One recent day, however, I decided to spend a bit more time in bed before rising. That was the day I snapped the above picture, after noticing that the leaves of the pear tree near my window were tapping against the pane outside the closed shade. That morning, I spent quite a bit of time gazing and snapping photos. It was such a pretty sight, and reminded me once again of how I tend to rush about without really noticing the details.
            Later that day I was eating dinner with my family at the kitchen table. The curtains were drawn because bright sunlight was streaming onto our faces, but at one point I got up and looked outside. Just below my window were two adorable mourning doves. They were hopping about in the grass cooing (I could hear them through the pane). The grass was wet and green from a recent rain, and the doves seemed playful. Once again, I was struck by the scenes that are outside my ordinary field of vision.
            This spring an owl came to visit our home for a few days. We would hear him at 3 in the morning, hooting in a tall tree. No amount of peering or searching brought him to our sight, but we were alert in bed for more than an hour just listening. Deep in the night, right outside my window, was a vast owl world unknown to me.
One day, returning home from a local café with a cup of coffee, I went to my computer for a while, but then got up again to check to see if a package had arrived. I’d heard a truck coming up our hill and was curious. When I opened the door, the truck was gone and there was no package, but a huge mound of dirt was piled up right at our front step, and there was a large open hole just beneath the foundation. A skunk, woodchuck, or some other creature had been hard at work digging while I’d been writing. Who knew?
Another day, I pulled open the shade in my living room to find a dozen tall, bright yellow weeds I’d never seen before. I snapped their photo, sadly knowing it will only be days before my neighbor notices and mows them down.
            I often write about this sort of thing because I find it intriguing. How much goes on while we’re not aware, not looking, or listening? I know that we can’t touch, see, or feel every breeze, every flower, or every birdsong. But can’t we try?

Sunday, May 8, 2016

Where in the Heck?

The other day I was looking for something. I scoured the Internet, doing a million and one Google searches. I looked in my overflowing home library for a book that might contain the information. I searched my Nook, feeling as if I had definitely seen the piece somewhere; it was something about a yoga set I wanted to try. I went on Amazon and read a bunch of descriptions. Then, since it was past midnight, I decided to give up my search.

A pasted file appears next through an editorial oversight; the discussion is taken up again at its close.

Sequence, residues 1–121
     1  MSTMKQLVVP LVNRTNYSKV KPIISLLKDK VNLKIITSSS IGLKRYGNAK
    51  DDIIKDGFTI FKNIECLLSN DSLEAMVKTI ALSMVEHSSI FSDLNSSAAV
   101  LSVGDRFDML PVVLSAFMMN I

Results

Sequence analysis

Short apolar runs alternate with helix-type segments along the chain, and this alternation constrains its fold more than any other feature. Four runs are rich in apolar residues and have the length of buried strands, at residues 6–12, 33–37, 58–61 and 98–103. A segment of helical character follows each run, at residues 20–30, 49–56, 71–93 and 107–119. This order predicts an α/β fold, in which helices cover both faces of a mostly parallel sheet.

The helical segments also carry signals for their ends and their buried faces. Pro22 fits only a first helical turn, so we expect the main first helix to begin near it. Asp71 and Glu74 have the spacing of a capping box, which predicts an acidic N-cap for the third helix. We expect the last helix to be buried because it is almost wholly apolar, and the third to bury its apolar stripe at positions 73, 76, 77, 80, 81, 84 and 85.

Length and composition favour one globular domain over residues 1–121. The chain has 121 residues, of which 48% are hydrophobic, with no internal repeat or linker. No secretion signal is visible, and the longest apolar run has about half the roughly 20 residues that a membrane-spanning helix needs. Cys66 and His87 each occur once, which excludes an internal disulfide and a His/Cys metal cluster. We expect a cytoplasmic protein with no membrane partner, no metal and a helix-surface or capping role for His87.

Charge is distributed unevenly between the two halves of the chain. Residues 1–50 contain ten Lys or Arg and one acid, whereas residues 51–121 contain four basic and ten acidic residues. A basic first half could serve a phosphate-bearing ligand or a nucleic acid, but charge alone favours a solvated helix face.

I got ready for bed and started to head upstairs, but I had the nagging feeling that if I didn’t find the piece I was searching for I wouldn’t be able to sleep. So I went back to my computer and typed in a few more search words. Low and behold! The information came up, I happily printed it out, and went to bed. I was infinitely proud of myself for not giving up (actually, I was so proud of myself that I couldn’t sleep!) I love a determined search, and I heartily patted myself on the back (metaphorically of course) for my persistence and success.

The next day, I was rummaging through some papers on my desk, still gloating from the previous night’s treasure hunt, when I came across a book. The book looked exceedingly familiar. The book looked like it might contain some valuable information. In fact, I had truly forgotten that I owned the book at all. I picked it up, opened to the table of contents and found precisely what I had been searching for the night before.

I had been searching for something I already had! Omg.

Obviously, I just had to take this as a message from the universe. We are all constantly searching for stuff that we already have! We are all searching for love, and success, and contentment, and abundance, and excitement, and who knows what else. We are all searching for answers and acknowledgement, and yes, for articles and socks. A lot of time is wasted turning things upside down, endlessly searching for that which is already found or for that which was never even lost to begin with.

Hug your kids, collect your hugs back, and Happy Mother’s Day to all!

Wednesday, March 30, 2016

In the Moment

This morning I went for a walk after reading an especially disturbing news item online, the details of which I won’t share here since it was too disturbing to be repeated. For a long time recently, in fact, I was on a news-free diet, because things have gotten so out of hand in the world that sometimes it’s just too painful to know, even though as a former news reporter and news hound I love to be aware of what’s going on (especially during election season!)

As I was walking I asked myself the question, once again, the question of how people who have gone through so much pain can ever be happy again, how they can ever believe in God or some other divine force, how they can even find the strength to ever again get up in the morning. It’s a mystery to me how human beings can continue to pick themselves up when they have fallen so hard, when their limbs and hearts are broken, when they’ve lost hope, when everything has fallen apart.

Just as I asked myself these questions, I heard a bird calling from the top of a sycamore tree. I could hear but not see him. I stood staring at the tree for a long, long time, watching the light play through the branches, listening to the call of the invisible bird. As I stared up, the tree and sky were all I saw, all I thought of, and I was completely at peace as I gazed. In that moment, my memory of what I had read this morning vanished. My worries and fears left. I was only in one place, and in one moment, marveling at the beauty of nature and the world.

The only way out of pain is through the present moment; it is all we have. There is nothing we can do to erase the pain. But the bird and its tree (or the tree and its bird) reminded me that there will always be moments when we can forget. There will always be moments.